https://en.wikipedia.org/wiki/Mesopic_vision

Cheers,
JT
Great explanation and cool link. Thanks JT.
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Ylem
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Re: Seeing colours?

#7

Post by Ylem »

I have seen blue hues in objects in a 10" dob.
But blues and Grey's can look alike in my eyes.
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Re: Seeing colours?

#8

Post by Ruud »

I have seen colour like green and yellow in meteors, and orange afterglows. These were all bright meteors.
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Re: Seeing colours?

#9

Post by Makuser »

Hello turboscrew. Even with my 12" dob on good nights, nebulosity appears as grey. Some folks with 18" or larger dobs claim that they can see some faint colors. The reflection nebulosity is a powder blue as compared to the deep blue that you see in the stacked time lapse images on here, and the emission nebulosity is a light orange as compared again to the deep red that you see in the stacked time lapse images on here. But, this is pretty nice as it is real time at your own eye. Also, try the averted vision method to see more details of a DSO object. This works for naked eye, in binoculars, and even at the eyepiece. This is where you look just off center of the main object, but you have to train yourself to still concentrate on the main object. This is due to the several rods (mostly for white light) that we have off center in our eyes. The only explanation for this that I have read is that some anthropologists suggest that this was for primitive man to detect enemies or preying animals off to the sides? Also, don't forget about the dark adaptation of our eyes. After a few minutes, our eyes secrete rhodopsin and our pupils expand a millimeter or two. It is not sensitive to red light, which is why you see it used at amateur star parties and professional observatories. Also, on old submarine movies when "running silent", they switch from white light to red light. If someone accidentally shines a white flashlight at a gathering, the rhodopsin is photobleached and take several minutes of darkness to regain it's advantage again. Now as to color, we amateurs with smaller telescopes can still enjoy the beautiful gold and blue of the Albireo double and many other doubles, as GFamily mentioned. Also, we can enjoy the wonderful silver and gold stars in the many globular clusters. I hope this helps turboscrew, and the best of regards.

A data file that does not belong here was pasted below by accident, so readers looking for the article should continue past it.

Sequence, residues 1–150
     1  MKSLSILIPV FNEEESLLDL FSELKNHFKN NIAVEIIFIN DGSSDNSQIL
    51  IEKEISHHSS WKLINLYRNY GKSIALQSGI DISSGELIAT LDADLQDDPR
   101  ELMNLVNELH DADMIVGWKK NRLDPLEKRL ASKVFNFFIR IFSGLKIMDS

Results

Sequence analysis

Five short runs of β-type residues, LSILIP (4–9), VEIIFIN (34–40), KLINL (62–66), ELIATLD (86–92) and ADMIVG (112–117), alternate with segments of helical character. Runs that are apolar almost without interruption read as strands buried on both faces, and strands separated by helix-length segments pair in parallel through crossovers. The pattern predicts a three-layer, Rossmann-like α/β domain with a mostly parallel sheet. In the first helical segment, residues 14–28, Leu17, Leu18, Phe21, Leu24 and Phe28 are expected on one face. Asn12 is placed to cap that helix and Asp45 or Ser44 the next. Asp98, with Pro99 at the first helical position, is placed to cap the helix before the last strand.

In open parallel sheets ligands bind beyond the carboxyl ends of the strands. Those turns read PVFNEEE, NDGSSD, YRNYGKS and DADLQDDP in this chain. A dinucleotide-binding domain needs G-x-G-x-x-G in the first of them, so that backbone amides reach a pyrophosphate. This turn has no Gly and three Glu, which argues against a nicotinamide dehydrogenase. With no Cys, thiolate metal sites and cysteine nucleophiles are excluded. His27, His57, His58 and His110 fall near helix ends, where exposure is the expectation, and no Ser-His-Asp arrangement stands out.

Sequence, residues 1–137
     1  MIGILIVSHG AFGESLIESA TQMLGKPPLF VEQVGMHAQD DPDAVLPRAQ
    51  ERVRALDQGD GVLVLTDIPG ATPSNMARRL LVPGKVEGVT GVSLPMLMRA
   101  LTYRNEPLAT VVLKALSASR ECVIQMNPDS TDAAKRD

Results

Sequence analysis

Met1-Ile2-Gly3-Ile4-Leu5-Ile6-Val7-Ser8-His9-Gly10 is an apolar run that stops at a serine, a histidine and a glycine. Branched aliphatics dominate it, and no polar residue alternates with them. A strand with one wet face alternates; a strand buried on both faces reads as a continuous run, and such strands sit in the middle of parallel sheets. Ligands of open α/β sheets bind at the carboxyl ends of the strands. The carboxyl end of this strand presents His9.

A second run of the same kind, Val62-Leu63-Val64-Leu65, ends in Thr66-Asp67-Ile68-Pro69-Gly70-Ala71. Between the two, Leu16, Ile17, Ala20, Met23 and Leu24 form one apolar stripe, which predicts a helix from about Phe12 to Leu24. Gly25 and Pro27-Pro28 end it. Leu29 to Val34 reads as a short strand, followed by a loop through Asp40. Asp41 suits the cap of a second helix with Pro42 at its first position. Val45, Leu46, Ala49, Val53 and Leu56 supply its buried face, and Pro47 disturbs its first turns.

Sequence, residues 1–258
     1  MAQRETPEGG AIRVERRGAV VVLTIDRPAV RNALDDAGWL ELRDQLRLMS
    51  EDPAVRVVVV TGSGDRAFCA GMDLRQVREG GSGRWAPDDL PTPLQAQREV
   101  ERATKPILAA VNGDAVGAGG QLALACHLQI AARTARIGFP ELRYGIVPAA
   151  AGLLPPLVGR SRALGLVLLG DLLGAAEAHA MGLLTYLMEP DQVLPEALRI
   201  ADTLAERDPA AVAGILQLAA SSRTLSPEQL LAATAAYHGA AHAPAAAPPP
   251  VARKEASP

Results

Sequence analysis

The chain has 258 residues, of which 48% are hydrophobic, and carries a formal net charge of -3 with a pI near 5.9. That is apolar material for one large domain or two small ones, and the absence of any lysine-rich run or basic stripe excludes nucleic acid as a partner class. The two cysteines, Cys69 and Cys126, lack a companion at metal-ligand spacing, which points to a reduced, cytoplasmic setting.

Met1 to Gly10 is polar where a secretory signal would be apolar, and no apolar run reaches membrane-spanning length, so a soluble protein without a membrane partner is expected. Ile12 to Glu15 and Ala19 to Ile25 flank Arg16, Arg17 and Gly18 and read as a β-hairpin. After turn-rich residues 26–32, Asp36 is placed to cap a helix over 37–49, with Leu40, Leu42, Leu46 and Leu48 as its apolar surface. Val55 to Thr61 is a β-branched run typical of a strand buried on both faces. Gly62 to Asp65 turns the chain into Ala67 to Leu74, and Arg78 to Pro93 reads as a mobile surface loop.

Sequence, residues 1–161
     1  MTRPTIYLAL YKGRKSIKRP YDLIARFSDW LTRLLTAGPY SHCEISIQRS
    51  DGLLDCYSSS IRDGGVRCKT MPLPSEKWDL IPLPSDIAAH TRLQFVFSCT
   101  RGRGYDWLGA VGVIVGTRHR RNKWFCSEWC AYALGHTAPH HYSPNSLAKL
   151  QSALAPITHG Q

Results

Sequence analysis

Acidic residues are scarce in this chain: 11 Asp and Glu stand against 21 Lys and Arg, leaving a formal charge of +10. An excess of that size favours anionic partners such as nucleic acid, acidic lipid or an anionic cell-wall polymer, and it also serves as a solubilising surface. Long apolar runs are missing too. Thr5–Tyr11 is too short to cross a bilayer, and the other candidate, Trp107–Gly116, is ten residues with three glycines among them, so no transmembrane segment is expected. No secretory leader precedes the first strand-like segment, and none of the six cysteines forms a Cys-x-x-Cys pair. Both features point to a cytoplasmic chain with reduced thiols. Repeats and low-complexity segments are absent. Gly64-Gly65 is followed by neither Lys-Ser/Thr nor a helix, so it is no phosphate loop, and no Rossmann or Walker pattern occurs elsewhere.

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Re: Seeing colours?

#10

Post by starfield »